Supplier Risk Assessments and Audits. NetApp conducts initial assessments of its top suppliers to identify the risks of non-compliance with NetApp’s Supplier Code of Conduct and EICC Code of Conduct, including the actual or potential risks of slavery and human trafficking occurrences. As a part of NetApp’s overall participation in the EICC's collaborative audit effort, we expect our suppliers to assess their conformance with the tenets of the Supplier Code of Conduct and EICC Code of Conduct with the completion of the EICC Self- Assessment Questionnaire. In addition, NetApp performs assessments, including risk screenings, of potential suppliers. NetApp also conducts internal audits and onsite supplier audits, via a third party, if deemed necessary to verify our supply chain’s conformance to the Supplier Code of Conduct and related standards and policies. If non-conformance is identified, we work closely with our suppliers to develop corrective action plans and close audit findings.
NetApp’s Code of Conduct PDF, which contains specific provisions on procurement from suppliers, vendors, and contractors and supply chain relationships, provides guidance to enable employees to put our company’s values into practice. It is available in 9 languages on NetApp’s intranet and in English on our company’s external website.
The principles embodied in our Code of Conduct reflect NetApp’s policies on, among other topics, compliance hotline, speaking up, investigations, anti-retaliation, diversity and discrimination, conflict minerals, antitrust, anti-bribery and anti-corruption and protecting our company’s assets and reputation. To ensure compliance with our Code and policies, NetApp conducts annual Code of Conduct training for all employees. Courses are administered and tracked through our NetApp University, an internal program that serves the technical and sales learning needs for NetApp employees, partners and customers. Employees who are new to NetApp are also required to take an interactive Code of Conduct course. Additionally, every employee is required to read the Code and certify that he or she has done so prior to joining NetApp.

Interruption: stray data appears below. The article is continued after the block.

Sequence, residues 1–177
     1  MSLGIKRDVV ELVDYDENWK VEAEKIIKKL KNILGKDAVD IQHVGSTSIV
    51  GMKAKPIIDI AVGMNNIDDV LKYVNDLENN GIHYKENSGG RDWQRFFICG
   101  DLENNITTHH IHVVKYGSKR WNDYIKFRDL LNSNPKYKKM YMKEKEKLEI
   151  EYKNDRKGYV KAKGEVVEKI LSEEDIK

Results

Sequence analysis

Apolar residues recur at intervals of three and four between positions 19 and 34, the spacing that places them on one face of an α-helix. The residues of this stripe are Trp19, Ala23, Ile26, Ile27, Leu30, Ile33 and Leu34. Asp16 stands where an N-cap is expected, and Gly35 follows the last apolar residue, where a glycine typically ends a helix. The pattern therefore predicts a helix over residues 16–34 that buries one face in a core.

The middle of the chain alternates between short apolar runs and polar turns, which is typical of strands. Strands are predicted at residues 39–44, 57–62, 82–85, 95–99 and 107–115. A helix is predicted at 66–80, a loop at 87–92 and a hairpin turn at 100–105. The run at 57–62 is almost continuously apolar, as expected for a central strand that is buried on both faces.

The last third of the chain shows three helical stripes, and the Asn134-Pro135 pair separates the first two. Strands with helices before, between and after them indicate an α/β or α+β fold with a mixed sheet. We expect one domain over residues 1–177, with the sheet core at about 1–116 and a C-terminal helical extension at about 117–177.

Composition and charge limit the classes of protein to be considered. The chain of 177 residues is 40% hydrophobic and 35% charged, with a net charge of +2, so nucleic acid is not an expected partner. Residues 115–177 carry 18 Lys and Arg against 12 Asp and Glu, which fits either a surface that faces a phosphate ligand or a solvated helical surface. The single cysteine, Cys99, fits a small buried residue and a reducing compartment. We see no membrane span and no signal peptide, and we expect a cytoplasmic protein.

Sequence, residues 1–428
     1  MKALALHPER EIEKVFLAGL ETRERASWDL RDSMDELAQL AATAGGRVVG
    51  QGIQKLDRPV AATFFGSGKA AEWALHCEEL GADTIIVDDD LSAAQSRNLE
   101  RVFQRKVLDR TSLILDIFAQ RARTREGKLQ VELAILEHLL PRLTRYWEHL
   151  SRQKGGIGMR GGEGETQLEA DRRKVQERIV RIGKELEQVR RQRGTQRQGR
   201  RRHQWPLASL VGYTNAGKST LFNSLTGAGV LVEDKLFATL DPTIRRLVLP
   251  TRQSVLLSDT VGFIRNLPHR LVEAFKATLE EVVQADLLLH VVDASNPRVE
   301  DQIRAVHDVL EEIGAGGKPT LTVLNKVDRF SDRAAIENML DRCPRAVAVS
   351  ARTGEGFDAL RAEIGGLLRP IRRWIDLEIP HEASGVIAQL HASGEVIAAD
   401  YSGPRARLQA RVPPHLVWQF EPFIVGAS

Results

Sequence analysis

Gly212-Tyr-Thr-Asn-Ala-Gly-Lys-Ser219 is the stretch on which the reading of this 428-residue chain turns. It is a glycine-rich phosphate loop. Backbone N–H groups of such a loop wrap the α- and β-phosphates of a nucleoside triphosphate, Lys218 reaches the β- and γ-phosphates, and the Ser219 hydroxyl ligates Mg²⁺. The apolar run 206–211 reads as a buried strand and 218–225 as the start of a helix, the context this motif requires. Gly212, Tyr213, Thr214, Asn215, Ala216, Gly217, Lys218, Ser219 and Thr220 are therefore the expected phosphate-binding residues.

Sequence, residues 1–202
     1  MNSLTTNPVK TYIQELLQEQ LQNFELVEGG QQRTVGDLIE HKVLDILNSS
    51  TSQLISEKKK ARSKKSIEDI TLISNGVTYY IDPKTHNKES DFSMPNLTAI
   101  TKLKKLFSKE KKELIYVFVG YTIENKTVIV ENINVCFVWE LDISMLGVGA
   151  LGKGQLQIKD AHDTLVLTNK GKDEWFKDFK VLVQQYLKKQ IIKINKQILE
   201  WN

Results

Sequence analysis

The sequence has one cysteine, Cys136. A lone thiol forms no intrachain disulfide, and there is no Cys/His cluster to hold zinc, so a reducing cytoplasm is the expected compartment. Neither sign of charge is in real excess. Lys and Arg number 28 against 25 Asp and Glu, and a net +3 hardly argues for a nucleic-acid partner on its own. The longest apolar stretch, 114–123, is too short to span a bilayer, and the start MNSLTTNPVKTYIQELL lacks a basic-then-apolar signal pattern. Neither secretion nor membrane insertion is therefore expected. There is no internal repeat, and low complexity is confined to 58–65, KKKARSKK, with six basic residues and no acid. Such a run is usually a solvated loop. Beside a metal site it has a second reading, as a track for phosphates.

NetApp’s Ethic and Compliance Program includes an Integrity & Compliance Office (“ICO”) and Global Business Conduct Councils. ICO oversees and administers NetApp’s Code of Conduct and is NetApp’s primary resource for developing and implementing programs and tools to ensure compliance with global laws and NetApp’s policies. Our Business Conduct Councils (“BCC”) are cross-functional governance bodies, comprised of senior leaders from Business, Human Resources, Finance, Internal Audit, Legal and Integrity and Compliance Office that identify and address compliance issues. They review company investigations, drive control improvements and identify and prioritize areas for global compliance focus. NetApp maintains a robust process for reporting slavery and human trafficking, including online channels, and our Code of Conduct contains a non-retaliation policy. Processes for informing senior management about allegations of slavery and human trafficking include periodic internal reports on the supply chain and details about key investigations that are in progress or completed.
Training and Awareness
NetApp offers specific training through forums and workshops to our employees who are responsible for supply chain management and our suppliers on slavery and human trafficking, specifically regarding how to identify and respond to supply chain issues in accordance with the EICC Code and applicable laws.